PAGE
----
Reviving the Practice of Sohba

My name is Omar, I am a mental health occupational therapist with experience working across youth mental health, drug and alcohol and trauma. More importantly, I am your brother.

One of the most transformative things young Muslim men can do today is revive the practice of “Sohba”. The people around the Messenger of Allah were called Sahabah (Companions). The Messenger of Allah (peace be upon him) emphasized companionship amongst his men. The concept of Sohba, emphasizing meaningful connections and deep bonds, is crucial for men’s mental health. It provides support, personal growth, and well-being. Sohba is the practice of a deep and true brotherhood. Imam Al-Ghazali has written a whole treatise on this.
Loneliness and social isolation are pressing issues today. Sohba encourages seeking the company of good brothers and then sharing the high and lows and strengths and vulnerabilities of life with each other. As men we often struggle to express emotions and seek support, leading to isolation and mental health concerns. Sohba fosters genuine connections, empathy, and understanding. You would see how the Sahabah would not only have this connection with The Prophet (peace be upon him) but also amongst each other: Bilal (may Allah be pleased with him) stood on the pulpit and said, ‘O people, I used to call the Adhan for the Messenger of Allah (peace be upon him), but now the Messenger of Allah is no longer among us. Who will take my voice?'” Ibn ‘Abbas further narrated, “That night, Bilal and another companion sat together, crying until the night passed.”

We often talk about the harshness and strength of our greatest warriors like Umar (ra). Men face societal pressures that hinder emotional expression. Do we reflect on their softness and how easily they would open to each other?
Hanzala ibn Abi ‘Amir met Abu Bakr and said, “Hanzala has become a hypocrite!” Abu Bakr asked, “SubhanAllah! What are you saying?” Hanzala replied, “When we are with the Prophet (peace be upon him) and he reminds us of Paradise and Hellfire, it feels as if we are seeing them with our own eyes. But when we go back to our families, engage in worldly affairs, and get involved in trade, we tend to forget and become preoccupied with this life.” Abu Bakr said, “By Allah, we experience the same thing.” They went to the Prophet (peace be upon him) and Hanzala explained his feelings. The Prophet (peace be upon him) said, “If you were in the same state as you are in my presence, the angels would shake hands with you on your beds and in the streets. But, O Hanzala, there is a time for this and a time for that.”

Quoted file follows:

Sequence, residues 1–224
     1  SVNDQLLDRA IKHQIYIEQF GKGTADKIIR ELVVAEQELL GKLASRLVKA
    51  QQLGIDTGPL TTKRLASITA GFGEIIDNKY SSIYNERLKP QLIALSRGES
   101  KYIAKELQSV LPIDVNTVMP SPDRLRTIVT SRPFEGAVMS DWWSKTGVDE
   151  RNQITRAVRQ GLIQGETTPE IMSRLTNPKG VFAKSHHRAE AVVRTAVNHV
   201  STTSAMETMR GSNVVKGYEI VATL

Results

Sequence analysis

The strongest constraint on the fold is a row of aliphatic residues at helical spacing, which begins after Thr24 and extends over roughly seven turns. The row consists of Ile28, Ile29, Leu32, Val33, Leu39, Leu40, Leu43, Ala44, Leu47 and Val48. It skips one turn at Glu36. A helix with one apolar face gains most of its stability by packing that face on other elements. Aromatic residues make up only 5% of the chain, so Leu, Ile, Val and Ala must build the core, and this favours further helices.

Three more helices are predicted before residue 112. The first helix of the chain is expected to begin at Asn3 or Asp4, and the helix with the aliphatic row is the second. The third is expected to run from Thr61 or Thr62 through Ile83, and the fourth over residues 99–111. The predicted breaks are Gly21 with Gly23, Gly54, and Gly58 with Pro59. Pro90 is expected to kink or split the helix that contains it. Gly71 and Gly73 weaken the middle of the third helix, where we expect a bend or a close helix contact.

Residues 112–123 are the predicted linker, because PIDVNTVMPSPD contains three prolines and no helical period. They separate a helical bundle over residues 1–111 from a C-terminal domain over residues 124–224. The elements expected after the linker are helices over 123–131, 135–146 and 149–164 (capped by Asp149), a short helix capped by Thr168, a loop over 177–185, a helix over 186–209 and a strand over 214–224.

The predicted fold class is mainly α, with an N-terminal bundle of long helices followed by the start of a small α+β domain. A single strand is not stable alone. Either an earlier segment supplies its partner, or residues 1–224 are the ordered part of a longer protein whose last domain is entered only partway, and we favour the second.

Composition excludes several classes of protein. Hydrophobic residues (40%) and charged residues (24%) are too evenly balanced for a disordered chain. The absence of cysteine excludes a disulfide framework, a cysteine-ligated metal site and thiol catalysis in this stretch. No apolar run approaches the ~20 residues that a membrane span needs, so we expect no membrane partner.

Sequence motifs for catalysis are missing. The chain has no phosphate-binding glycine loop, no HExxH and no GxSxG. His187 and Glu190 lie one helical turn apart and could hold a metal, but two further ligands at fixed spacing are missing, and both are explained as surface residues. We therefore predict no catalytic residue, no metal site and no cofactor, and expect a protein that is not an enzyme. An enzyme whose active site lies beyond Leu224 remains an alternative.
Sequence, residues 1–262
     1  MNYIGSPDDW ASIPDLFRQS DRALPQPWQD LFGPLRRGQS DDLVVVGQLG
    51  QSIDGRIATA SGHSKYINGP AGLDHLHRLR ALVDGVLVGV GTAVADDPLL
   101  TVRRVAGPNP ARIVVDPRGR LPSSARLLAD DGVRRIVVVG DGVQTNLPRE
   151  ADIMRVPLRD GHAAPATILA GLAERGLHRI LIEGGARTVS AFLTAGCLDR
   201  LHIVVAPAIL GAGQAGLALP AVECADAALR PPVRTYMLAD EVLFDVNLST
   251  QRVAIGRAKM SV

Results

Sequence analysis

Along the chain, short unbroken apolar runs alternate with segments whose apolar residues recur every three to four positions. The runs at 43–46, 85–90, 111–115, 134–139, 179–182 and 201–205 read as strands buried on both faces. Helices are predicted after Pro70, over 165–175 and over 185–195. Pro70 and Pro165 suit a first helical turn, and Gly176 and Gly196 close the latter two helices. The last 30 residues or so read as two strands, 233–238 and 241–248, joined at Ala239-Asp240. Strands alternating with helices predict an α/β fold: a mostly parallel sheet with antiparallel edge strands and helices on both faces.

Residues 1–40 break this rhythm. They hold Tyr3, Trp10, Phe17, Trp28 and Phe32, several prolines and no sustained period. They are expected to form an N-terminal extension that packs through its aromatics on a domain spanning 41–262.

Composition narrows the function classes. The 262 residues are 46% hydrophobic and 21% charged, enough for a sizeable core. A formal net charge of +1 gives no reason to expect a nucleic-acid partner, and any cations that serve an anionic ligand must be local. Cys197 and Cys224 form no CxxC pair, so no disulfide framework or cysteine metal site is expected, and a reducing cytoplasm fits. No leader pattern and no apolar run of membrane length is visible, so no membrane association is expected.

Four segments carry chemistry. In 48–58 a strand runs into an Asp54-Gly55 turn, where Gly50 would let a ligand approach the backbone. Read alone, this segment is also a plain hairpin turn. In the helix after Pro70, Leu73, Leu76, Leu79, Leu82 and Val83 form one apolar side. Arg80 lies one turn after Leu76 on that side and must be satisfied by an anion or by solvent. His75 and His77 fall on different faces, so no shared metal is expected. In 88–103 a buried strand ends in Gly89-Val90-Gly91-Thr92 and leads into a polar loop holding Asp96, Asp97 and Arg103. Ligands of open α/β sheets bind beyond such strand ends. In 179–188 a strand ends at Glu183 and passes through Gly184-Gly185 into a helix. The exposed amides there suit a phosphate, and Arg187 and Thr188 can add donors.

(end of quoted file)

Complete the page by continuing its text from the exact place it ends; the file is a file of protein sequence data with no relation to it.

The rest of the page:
Here are some practical examples of how you can incorporate revive the practice of Sohba today:

  • Join a Supportive Community: Seek out groups or organizations that align with your values and interests. Engage actively in discussions, share experiences, and build connections with like-minded individuals.
  • Organize Regular Gatherings: Initiate regular gatherings with friends, family, or colleagues where you can engage in meaningful conversations and strengthen your bonds. It could be a weekly dinner, a book club, a sports activity, or even a virtual meet-up. Create a space where everyone feels comfortable expressing their thoughts, emotions, and challenges.
  •  Be The Brother You Need: Practice active listening and empathy when engaging with others. Make a conscious effort to be present, offer a listening ear, and provide support to those who may be going through difficult times. Sometimes, lending a compassionate ear can make a significant difference in someone’s life.
  •  Seek Mentors: Identify people who inspire you. Seek their guidance, wisdom, and advice on various aspects of life.
  •  Engage in Acts of Kindness Together: Collaborate with men around you to engage in acts of kindness and community service. These activities not only strengthen bonds but also create a positive impact on the community.

Remember, cultivating Sohba requires intentional effort and a genuine desire to connect with others. Start by taking small steps and gradually incorporate these practices into your life.
The bonds formed through Sohba are sacred and extend beyond individual well-being. It promotes collective responsibility, providing practical support and acts of kindness.
The Messenger of Allah (saws) said, “A Muslim is the brother of another Muslim; he does not wrong him or betray him.”
If you are a young man, find your companions of this life and the next. If you are raising young men, find companions that they can truly connect with in this life and the next.

Your brother,


About the author:

Omar Haniffa is a Senior Occupational Therapist, who has a strong passion in Community, Youth and Indigenous Mental Health and a particular interest in polyvagal theory, harm reduction, dual diagnosis, somatic and sensory integration in therapy.

Currently he is stewarding two organisations:

Shifa Support Services: providing youth focused mental health Occupational Therapy and disability support services.


Archery Ascension Centre Inc: A Not-For-Profit community organisations which is improving wellbeing and social outcomes through connecting with our traditional martial arts particularly archery and horsemanship. 

His  mission is to make Madinahs: places of Wellbeing: Connectedness, Purposeful Activity, Safety.


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